Advocates of the athletics-to-medicine pipeline point out its practicality. Thousands of Black men are already in college, or headed there, on athletic scholarships. It would only take a small percentage of them choosing medical careers to boost the percentage of Black male doctors to better reflect the proportion of African American men in the general population, they say.
No one thinks it will be easy. One obstacle, advocates say, is a lack of role models. Black sports celebrities are household names, but some young athletes may never encounter a Black medical professional. “People don’t believe they can become what they don’t see,” says Mark R. Brown, the athletic director at Pace University.
And for the best chance of success, many say, these young men need to form and pursue medical aspirations as young as possible, along with their athletic training. “Those kids who are able to do both, the rewards at the end are enormous,” Miller says. But the adults in their lives may not believe the dual path is possible. “The second that a kid says to a science teacher or someone else that he’s an athlete,” Miller says, “they go into a different category. ‘They’re not really serious about science and medicine, they’re just here, and so I don’t expect this kid to really achieve.’”
Rigid course and practice schedules also make it challenging for busy athletes to undertake demanding and time-intensive science majors, observers say. What’s needed is “a cultural change, and not just a cultural change with the athletes. It’s a cultural change with the whole structure,” Miller says. “Everybody’s excited about the idea” of the physician athlete, he adds, “because it makes sense. But when the rubber hits the road, it is challenging.”
Donovan Roy, the assistant dean for diversity and inclusiveness at Homer Stryker M.D. School of Medicine at Western Michigan University, was one of the first people to envision the potential of directing Black athletes toward medical careers.
Roy, 48, who is Black and a former college football player, grew up in the working class, primarily Black and Latino community of Inglewood, California. Attending an elite private high school on a football scholarship was eye-opening. He vividly remembers the first time he ever saw a walk-in pantry, at a friend’s home. “It was stocked like a convenience store,” he recalls. “Five different types of Hostess, Ding-Dongs, sodas, every type of snack that you ever wanted.” Equally startling was speaking with another friend’s mother, who was a lawyer. “I’d never seen a road map to success in my community,” he says.
Roy’s athletic talent continued to open doors—at 18 he got a scholarship to the University of Southern California—but poorly prepared by the under-resourced public schools he had attended through ninth grade, he struggled academically, and left both USC and later another university that he also attended on an athletic scholarship.
Eventually Roy found his footing, and when he did, he became a learning specialist. After working through his own academic struggles, he wanted to help others with theirs. Roy took a job as a learning skills counselor at UCLA’s medical school. There he helped the students who were struggling with classes like anatomy and genetics. In early 2015, he returned to USC as the director of academic support services at Keck School of Medicine.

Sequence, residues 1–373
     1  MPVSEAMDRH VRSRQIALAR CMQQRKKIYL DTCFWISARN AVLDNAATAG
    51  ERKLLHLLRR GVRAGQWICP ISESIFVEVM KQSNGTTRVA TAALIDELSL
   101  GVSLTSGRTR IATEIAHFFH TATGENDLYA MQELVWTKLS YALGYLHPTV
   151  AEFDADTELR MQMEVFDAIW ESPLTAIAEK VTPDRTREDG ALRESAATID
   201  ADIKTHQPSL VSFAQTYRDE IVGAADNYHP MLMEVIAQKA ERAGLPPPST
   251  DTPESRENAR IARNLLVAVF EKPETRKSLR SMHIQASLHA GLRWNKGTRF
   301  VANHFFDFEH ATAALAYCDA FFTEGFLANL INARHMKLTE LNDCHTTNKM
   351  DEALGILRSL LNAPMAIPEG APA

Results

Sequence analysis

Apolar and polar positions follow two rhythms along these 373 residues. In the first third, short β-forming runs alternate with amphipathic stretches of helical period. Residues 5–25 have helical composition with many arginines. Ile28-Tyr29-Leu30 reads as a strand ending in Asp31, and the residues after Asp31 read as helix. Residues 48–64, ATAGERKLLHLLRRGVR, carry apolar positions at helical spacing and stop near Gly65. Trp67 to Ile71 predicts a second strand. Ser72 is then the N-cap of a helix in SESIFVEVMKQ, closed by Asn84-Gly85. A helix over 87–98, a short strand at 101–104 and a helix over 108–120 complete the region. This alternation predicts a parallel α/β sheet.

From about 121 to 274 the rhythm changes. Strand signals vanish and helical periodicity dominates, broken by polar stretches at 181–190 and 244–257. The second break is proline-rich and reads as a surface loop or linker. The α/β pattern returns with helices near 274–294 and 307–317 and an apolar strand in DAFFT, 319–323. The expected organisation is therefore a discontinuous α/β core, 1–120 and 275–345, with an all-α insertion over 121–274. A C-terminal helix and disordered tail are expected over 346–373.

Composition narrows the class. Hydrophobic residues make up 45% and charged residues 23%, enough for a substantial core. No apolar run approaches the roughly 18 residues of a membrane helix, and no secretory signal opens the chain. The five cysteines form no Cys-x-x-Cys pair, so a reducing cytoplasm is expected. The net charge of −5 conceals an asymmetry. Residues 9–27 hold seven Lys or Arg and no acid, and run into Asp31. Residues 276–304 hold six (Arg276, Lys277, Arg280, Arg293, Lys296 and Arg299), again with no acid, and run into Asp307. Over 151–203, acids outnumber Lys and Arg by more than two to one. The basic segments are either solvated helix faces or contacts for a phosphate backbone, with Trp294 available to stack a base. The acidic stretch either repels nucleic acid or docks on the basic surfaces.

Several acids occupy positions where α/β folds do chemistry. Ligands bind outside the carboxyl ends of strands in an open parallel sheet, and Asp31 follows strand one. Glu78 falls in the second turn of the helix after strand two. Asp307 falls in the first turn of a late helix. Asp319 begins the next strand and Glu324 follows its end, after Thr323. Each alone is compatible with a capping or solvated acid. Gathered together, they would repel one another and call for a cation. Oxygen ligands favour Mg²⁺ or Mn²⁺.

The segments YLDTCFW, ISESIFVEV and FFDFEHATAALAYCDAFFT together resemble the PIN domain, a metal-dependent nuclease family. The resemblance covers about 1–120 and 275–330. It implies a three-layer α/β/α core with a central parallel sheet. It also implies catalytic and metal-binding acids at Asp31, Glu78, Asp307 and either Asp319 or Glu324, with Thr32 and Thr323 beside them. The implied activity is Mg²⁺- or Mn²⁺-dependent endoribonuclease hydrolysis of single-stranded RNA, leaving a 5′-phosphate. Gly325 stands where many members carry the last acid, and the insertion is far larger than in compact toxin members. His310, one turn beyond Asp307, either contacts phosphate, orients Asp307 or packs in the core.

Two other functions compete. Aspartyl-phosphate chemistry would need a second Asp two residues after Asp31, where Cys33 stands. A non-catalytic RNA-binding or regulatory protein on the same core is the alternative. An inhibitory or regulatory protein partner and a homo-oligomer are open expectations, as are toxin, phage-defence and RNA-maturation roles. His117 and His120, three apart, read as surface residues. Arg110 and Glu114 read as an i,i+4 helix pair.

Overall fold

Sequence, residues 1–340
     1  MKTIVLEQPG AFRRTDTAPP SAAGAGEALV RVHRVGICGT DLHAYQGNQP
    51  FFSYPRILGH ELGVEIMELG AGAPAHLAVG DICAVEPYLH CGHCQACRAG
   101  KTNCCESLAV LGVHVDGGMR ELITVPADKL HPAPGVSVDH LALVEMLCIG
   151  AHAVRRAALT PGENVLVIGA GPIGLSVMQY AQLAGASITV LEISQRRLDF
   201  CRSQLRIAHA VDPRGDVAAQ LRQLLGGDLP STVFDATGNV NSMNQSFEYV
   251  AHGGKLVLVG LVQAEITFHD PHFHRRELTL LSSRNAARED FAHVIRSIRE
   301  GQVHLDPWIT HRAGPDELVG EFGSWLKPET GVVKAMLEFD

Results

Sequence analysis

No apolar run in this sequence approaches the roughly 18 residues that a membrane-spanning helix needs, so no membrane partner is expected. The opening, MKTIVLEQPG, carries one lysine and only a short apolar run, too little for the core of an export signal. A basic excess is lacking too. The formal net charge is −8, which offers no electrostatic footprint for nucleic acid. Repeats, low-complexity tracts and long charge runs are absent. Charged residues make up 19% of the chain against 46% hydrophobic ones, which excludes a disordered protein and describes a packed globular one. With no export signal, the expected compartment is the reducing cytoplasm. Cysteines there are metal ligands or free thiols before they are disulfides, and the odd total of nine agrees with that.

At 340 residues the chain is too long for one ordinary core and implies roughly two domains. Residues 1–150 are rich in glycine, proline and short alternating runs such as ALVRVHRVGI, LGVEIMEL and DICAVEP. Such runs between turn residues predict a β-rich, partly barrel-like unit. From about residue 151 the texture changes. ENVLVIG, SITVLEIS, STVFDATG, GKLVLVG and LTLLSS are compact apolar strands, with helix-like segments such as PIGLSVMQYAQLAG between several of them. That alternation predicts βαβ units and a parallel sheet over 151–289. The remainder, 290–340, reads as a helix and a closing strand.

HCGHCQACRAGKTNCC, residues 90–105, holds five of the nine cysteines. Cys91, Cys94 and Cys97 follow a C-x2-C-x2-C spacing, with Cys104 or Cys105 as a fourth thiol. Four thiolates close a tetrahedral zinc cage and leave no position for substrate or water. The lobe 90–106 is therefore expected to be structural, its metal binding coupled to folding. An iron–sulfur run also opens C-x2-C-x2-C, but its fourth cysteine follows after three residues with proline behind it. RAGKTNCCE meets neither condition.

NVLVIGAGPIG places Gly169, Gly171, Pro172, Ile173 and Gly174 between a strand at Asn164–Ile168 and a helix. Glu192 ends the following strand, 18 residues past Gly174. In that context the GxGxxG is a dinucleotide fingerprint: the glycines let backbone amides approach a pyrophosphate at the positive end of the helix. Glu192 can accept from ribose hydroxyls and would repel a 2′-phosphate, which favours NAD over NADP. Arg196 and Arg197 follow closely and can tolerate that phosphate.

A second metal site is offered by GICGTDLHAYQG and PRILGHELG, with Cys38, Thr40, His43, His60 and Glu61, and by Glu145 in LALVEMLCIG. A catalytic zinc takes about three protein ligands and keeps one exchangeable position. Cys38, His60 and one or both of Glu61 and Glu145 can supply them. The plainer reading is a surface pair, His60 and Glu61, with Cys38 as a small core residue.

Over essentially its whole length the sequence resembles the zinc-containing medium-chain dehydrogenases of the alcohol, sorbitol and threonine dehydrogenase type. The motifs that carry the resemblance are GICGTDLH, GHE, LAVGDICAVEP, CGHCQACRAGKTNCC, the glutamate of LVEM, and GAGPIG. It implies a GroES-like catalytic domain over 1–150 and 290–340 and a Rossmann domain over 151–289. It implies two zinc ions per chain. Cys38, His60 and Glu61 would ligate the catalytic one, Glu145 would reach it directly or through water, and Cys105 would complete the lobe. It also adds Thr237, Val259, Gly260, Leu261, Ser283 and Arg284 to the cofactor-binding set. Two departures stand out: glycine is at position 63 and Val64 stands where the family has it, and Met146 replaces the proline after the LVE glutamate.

Something Roy noticed at both these medical schools stuck with him, though it would take a few years for the observation to crystallize. A certain kind of student sought help despite, by ordinary standards, not needing it. These were the athletes, and many of them were Black or Latino. “They always talked about, ‘How can I excel? How can I get better?’” he recalls. They “were getting 90s and they wanted to be 100.”
Roy began a doctoral program in education in 2015, the same year the AAMC published a damning report about the lack of Black men entering medical school. This was a crisis Roy understood both personally and professionally. For his dissertation, he decided to interview 16 Black male students at Keck School of Medicine. What was it about them, he wanted to understand, that had gotten them there against all odds?
The answer, he discovered, was what academics call social capital. For medical students from privileged backgrounds, social capital might take the form of a family friend who arranges a summer internship at a biotechnology lab, or a well-funded high school that offers advanced placement science classes. The young men Roy interviewed did not, for the most part, have access to those sorts of resources.
“Growing up, I didn’t see a Black male with a college degree until I got to college,” medical student Jai Kemp said in a separate interview Roy conducted for a documentary he’s making on the topic. The social capital these young men leveraged to get to medical school took the form of parental support, science enrichment programs and clubs, peer social networks, faculty mentors—and the perks that come with athletics. “For me it was just sports that got me through,” Kemp said.
The pieces started to fit together. Roy knew from his own experience all the benefits athletes get, not just entrée to educational institutions, but travel, enrichment, and academic advantages like tutoring and early class registration. Athletes also tend to possess social cachet on campus and, with more exposure to different types of people, may feel comfortable in environments that seem foreign and forbidding to other young people from disadvantaged backgrounds. Roy also recalled the drive for academic excellence he had observed in the athletes who came to his tutoring programs. “I got this epiphany,” he says. “Why don’t we look at student athletes in order to increase Black males’ representation in medicine, because they have the most social capital and the most network on predominantly White campuses.”